By David Sperling
I personally never liked tattoos. But when you are young and immature, as we all were, you might considering getting one to prove your love to your mother or girlfriend, because it looks cool, or to show allegiance to your particular tribe.
You might have a different idea a few years in the future when you are looking for a job or trying to make a good impression in different circles.
But if you are not a U.S. Citizen, there’s an even more important and immediate reason not to get a tattoo: It could lead to your deportation.
Immigration activists were shaken earlier this month when Immigration and Customs Enforcement (ICE) arrested and detained Daniel Ramirez, a 23-year-old Mexican “Dreamer” during a Seattle-area raid. ICE agents had targeted Ramirez’ father, who they said was a felon with a prior deportation order.
Ramirez was one of 750,000 young immigrants who were beneficiaries of President Obama’s Deferred Action for Child Arrivals (DACA), and the first to be taken into ICE custody under the Trump administration.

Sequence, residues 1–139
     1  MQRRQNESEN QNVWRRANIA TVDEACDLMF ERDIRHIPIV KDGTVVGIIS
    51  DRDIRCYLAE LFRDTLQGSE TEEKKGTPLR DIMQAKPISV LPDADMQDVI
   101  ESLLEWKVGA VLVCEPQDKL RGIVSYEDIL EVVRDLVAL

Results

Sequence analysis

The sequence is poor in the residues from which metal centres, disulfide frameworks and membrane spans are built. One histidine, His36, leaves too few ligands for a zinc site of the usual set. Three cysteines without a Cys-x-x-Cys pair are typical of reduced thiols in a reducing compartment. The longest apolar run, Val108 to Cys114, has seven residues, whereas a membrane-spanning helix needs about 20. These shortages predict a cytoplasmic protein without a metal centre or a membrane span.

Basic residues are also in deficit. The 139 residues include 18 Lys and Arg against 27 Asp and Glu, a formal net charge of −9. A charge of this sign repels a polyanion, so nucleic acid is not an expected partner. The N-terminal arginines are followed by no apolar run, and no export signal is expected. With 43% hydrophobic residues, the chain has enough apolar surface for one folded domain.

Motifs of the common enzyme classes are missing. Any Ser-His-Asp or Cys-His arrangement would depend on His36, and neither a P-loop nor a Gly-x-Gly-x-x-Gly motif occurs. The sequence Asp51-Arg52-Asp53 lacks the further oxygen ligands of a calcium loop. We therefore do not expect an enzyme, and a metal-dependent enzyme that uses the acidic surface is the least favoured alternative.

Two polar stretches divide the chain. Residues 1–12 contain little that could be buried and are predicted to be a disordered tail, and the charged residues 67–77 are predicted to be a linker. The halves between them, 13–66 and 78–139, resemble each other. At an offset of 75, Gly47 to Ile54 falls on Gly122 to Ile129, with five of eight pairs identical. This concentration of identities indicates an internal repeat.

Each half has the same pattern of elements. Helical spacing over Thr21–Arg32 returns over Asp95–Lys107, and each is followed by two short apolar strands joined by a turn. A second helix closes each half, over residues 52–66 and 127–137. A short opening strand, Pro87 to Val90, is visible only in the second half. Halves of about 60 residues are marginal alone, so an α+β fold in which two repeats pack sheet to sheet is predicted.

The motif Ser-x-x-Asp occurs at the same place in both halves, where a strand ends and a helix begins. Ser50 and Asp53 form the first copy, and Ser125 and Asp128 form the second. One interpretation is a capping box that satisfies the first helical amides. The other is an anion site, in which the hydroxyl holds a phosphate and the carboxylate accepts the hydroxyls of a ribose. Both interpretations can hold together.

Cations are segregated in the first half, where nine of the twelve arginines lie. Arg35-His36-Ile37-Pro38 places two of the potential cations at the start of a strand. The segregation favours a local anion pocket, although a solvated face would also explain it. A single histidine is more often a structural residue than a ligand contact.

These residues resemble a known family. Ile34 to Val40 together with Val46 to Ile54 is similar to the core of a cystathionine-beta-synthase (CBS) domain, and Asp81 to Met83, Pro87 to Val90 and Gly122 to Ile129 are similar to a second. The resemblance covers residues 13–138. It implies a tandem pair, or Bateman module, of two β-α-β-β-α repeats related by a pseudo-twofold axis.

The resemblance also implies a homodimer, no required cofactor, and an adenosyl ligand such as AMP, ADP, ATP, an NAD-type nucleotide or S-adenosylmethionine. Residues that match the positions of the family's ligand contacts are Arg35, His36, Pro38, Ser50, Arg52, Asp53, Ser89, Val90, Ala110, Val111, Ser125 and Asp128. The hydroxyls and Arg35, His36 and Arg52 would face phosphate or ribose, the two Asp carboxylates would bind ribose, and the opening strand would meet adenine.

ICE officials said Ramirez had a “gang tattoo” on his forearm, and said he had “confessed” to affiliation with known gangs on the West Coast.
I have no idea whether Ramirez was in fact a gang member or whether the confession had been coerced, as his lawyers maintained.
But it doesn’t matter. When immigration authorities comes into contact with a non-Citizen, tattoos are a red flag. ICE has always had the authority to detain and prioritize the deportation of anyone that poses a risk to public safety, and especially targets gang members and associates. They can act purely on suspicion, without requiring a criminal conviction. In fact, Ramirez did not have a previous criminal record.
Tattoos have always had a certain stigma, deservedly or not. While the tattoo itself may be completely harmless — and in most cases they are — an immigration officer might well draw a negative inference in evaluating applicants for legal status.
There are many young people who have joined gangs and gotten identifying tattoos — under pressure or voluntarily — but now are on the straight and narrow. While there are techniques to remove tattoos, they are costly and painful and often leave a tell-tale blotch.
There is probably nothing wrong with discrete artistic tattoos. But for anyone who is not a U.S. Citizen, getting a conspicuous tattoo at this time could be a very bad idea.Share